Interest is a payment to providers of economic capital. Saving makes new capital supplies available; thus, the ultimate capital suppliers are savers. Just what factors determine the interest rate? After adjusting for inflation, the real interest rate depends on:
1. Premiums savers require to delay gratification. Most of us want goods now instead of later, unless we are rewarded for waiting. If 5 percent more goods are required to get typical savers to wait a year to consume their income, real interest rates gravitate toward 5 percent.
2. Premiums required for sacrificing liquidity. Less-liquid assets generate higher rates of return, or we would all hold cash.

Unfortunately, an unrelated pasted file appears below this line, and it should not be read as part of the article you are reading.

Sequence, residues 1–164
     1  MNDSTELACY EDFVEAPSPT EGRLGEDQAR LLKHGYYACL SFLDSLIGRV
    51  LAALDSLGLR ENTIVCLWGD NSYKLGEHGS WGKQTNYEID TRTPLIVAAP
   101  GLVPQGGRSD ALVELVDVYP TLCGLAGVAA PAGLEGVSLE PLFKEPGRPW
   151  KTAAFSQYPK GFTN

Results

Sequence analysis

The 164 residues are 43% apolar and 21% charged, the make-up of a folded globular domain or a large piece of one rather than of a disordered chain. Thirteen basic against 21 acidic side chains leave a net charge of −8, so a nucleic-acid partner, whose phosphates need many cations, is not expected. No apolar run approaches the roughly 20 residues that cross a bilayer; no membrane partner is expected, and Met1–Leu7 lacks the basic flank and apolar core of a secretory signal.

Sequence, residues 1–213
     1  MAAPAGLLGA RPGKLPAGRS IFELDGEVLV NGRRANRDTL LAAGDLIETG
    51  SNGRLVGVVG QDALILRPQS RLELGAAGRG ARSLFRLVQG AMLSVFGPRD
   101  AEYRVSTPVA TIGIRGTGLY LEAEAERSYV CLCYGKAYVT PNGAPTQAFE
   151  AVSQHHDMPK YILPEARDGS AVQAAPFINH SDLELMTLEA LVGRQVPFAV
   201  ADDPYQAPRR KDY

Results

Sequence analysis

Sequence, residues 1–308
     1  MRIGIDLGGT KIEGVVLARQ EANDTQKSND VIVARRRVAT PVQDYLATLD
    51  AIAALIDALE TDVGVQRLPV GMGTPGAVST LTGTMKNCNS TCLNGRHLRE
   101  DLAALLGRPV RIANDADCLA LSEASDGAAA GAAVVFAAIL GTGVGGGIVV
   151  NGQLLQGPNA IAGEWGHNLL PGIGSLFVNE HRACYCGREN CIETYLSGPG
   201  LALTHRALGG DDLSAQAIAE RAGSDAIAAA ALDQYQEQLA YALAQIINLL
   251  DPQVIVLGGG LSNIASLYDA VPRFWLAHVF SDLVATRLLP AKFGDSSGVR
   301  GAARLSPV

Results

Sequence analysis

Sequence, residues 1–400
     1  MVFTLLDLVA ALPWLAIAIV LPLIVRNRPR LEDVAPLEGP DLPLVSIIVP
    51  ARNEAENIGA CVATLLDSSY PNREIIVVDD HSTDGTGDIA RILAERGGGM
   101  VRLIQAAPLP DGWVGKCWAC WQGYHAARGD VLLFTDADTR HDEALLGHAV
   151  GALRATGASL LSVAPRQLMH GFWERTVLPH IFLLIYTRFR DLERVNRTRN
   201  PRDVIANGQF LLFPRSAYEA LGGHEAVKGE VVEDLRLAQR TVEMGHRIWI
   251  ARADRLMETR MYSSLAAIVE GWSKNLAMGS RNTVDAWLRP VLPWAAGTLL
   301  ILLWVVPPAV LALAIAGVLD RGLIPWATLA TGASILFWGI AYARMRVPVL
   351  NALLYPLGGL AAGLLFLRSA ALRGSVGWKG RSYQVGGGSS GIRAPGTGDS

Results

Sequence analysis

3. Productivity of new capital. If new capital reproduces 6 percent of its value in new goods each year, interest rates tend toward 6 percent.
The first two items are reflected in the supplies of loanable funds; item #3 is reflected in the demand for loanable funds.
The total demand for loanable funds in the United States depends on the plans for borrowing by domestic consumers, business, government, and by foreigners. The supply depends on (a) the aggregate of plans for saving by individual households, (b) international flows of financial capital (by which foreign savers can make loans to U.S. borrowers, or vice versa), and (c) the monetary policy of the central bank.
Keep in mind that markets for loanable funds are affected by government deficits and debt, monetary policies, and international capital flows, but these are macroeconomic topics. The analysis of this section would not change in a meaningful way if we considered all the roles played by all the entities just listed. Therefore, for simplicity we will focus on household plans to save as sources of loanable funds, and on business borrowing as a use of loanable funds.
Demands for Loanable Funds